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I entered “sales has changed” into Google and got 1.29 billion hits in 0.23 seconds. (Yes! Billion not million.) Confronting me was a sea of experts sharing their perspective on how we’ve moved from Sales 1.0 to Sales 2.0, and how sales has changed more in the last 10 years than it has in the past 100. I didn’t bother to read any of them. Why? Because they’re all wrong!
The world has changed. We live in a very different world than we did 25 years ago. Twenty five years ago, the Berlin Wall fell, and with it much of the structural assumptions of the modern world. In a way, the fall of the Berlin wall symbolized the fall of modernism and the triumph of postmodernism. In our postmodern world, nothing can be taken for granted. This loss of structure is the main reason salespeople and the profession of sales have lost their way.
Sales worked well in a structured world. You knew your role and I knew mine. My role was to educate and persuade you. Your role was to learn, be persuaded and open your wallet. Ahh. Why can’t we bring back the good ol’ days? Sales conferences were organized to educate salespeople on product features and then wind them up with enthusiasm so they could get out there and “sell, sell, sell”.
As the world has become more complex, and buyers have become more sophisticated, there is an increasing pressure on salespeople to meet their quotas and justify their existence. Ultimately, sales has not changed. It is still about educating and persuading prospective clients. The problem is it must now operate in a completely different context. In addition to a more sophisticated buyer, salespeople also face the rapidly emerging challenge of increasingly sophisticated e-commerce platforms. Hmm. A sophisticated buyer and robust e-commerce… where does a traditional salesperson fit in?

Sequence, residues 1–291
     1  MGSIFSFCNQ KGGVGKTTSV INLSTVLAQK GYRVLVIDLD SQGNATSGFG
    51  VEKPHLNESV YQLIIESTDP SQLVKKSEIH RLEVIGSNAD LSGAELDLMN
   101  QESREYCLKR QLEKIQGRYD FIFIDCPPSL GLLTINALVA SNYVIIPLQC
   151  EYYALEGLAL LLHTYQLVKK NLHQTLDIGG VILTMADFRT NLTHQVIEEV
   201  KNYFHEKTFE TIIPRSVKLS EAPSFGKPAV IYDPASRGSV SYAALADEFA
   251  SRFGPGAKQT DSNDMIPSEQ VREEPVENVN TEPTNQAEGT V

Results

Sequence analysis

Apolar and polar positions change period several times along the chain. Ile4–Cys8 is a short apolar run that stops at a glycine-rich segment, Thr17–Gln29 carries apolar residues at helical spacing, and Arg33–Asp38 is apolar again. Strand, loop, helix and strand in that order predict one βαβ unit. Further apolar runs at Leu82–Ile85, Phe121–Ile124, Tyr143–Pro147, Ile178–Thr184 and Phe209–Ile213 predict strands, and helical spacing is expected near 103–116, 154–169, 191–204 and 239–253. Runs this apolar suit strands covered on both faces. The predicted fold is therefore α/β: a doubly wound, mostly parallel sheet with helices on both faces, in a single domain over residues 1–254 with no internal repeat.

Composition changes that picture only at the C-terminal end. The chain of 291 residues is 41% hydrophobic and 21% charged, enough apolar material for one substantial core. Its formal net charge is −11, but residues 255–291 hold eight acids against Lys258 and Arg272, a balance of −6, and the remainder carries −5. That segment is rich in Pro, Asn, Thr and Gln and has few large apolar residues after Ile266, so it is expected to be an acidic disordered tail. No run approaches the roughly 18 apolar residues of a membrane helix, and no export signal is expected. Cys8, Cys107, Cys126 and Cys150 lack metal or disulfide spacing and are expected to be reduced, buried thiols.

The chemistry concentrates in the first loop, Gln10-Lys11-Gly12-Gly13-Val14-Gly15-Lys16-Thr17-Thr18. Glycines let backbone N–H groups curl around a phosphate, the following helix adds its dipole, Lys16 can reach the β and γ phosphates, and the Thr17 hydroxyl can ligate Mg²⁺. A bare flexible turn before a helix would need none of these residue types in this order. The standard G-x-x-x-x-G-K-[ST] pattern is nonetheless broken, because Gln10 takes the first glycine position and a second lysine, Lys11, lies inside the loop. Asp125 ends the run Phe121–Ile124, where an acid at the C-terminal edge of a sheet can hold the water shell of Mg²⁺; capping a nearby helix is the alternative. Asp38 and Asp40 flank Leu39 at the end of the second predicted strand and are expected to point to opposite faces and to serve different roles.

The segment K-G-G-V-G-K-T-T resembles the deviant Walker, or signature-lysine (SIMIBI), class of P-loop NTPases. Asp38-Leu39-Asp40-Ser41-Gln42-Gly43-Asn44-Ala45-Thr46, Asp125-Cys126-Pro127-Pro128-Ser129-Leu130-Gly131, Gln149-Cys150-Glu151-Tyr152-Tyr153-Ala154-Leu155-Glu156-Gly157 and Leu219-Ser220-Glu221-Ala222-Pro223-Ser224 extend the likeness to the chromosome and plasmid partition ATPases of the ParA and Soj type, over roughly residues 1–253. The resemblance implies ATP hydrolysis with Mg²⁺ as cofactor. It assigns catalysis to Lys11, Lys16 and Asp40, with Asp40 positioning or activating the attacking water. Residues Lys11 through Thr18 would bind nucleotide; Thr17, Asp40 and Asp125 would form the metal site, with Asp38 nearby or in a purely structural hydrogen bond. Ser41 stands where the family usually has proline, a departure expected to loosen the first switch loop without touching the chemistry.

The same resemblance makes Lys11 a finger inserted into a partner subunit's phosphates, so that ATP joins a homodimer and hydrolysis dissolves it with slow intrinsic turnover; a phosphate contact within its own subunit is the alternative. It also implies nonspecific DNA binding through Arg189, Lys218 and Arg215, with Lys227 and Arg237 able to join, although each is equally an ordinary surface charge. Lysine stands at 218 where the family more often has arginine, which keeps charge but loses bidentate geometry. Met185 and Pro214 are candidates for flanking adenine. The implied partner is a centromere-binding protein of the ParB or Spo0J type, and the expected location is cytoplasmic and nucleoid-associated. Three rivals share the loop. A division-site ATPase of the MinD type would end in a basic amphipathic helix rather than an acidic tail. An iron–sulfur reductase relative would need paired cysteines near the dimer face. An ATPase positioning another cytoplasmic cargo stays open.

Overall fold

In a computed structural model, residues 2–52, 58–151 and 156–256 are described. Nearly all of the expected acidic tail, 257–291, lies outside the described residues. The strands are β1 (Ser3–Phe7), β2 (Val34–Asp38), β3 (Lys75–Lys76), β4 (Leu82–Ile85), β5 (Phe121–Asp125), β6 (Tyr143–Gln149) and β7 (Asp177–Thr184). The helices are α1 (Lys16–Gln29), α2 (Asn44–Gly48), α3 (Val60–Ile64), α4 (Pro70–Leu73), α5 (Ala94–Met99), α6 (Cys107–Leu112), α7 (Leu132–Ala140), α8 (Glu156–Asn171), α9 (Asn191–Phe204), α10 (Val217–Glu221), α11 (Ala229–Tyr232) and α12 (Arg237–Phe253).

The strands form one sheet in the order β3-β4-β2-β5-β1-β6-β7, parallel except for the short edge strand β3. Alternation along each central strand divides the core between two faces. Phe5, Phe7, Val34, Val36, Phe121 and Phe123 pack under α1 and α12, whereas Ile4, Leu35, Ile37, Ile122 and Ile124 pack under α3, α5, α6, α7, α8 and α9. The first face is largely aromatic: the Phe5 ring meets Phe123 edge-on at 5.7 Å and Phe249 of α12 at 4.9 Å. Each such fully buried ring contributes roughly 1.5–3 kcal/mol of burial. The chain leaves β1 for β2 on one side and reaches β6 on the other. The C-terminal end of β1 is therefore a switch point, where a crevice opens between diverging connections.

I predict that the traditional salesperson will disappear altogether within the next 10 years. Technology will see to that. We are already seeing the trend of organizations moving from field sales to inside sales in order to reduce the cost of sales. Isn’t the next logical step to move from inside sales to e-commerce or channel partners who have trusted relationships with buyers? Sales professionals have only one choice: they must recognize that they are in the middle of a dramatic polarization. On one side is increasingly robust e-commerce and easy-to-use systems and on the other is the Strategic Account Manager — both have great value to the sophisticated buyer. For well-defined problems, the buyer can get exactly what he wants via Google and e-commerce exactly when he wants it. For complex, emerging and poorly defined problems, the buyer can get a business partner who understands his business as well as any employee (and perhaps even better than most). This partner has command of a myriad of resources and is constantly thinking about what’s next for her client. She is a Trusted Advisor and makes herself indispensable to her client. The Trusted Advisor still educates and persuades. The buyer still opens his wallet. But this exchange is happening within a very different context. Both client and Trusted Advisor enjoy a highly profitable and mutually beneficial relationship — what I call a Symbiotic Partnership.
Buyers will always want transactions, they just won’t pay for the overhead of a salesperson. In addition to transactions, buyers will always require transformations. For these, they will happily pay for a Strategic Account Manager. Suppliers will be automated. Symbiotic Partnerships will never be automated. They require a genuine human-to-human connection. Those who try to play in the middle as transactional salespeople will be crushed by the march of progress.
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